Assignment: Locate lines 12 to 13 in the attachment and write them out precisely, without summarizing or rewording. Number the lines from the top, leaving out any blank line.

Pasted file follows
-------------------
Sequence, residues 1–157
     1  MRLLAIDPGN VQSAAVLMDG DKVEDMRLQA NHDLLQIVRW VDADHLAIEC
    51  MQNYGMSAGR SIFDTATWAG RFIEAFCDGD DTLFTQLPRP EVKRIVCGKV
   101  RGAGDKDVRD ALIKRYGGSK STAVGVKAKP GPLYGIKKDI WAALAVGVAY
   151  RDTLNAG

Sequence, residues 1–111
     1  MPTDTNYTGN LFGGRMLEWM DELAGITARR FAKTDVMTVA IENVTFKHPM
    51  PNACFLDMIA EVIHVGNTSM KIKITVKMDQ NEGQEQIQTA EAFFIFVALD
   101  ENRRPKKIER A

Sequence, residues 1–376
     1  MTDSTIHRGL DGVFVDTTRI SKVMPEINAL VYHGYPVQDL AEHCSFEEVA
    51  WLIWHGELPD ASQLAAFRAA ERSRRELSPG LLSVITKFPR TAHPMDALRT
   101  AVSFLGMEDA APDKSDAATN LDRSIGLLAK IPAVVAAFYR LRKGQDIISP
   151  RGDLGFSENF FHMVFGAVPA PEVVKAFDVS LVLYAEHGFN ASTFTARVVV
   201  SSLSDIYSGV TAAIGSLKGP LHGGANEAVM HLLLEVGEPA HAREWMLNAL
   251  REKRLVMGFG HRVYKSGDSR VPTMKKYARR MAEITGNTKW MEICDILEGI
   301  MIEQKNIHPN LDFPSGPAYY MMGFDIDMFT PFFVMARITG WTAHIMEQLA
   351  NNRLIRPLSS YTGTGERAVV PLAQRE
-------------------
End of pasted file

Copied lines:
    51  WLIWHGELPD ASQLAAFRAA ERSRRELSPG LLSVITKFPR TAHPMDALRT
   101  AVSFLGMEDA APDKSDAATN LDRSIGLLAK IPAVVAAFYR LRKGQDIISP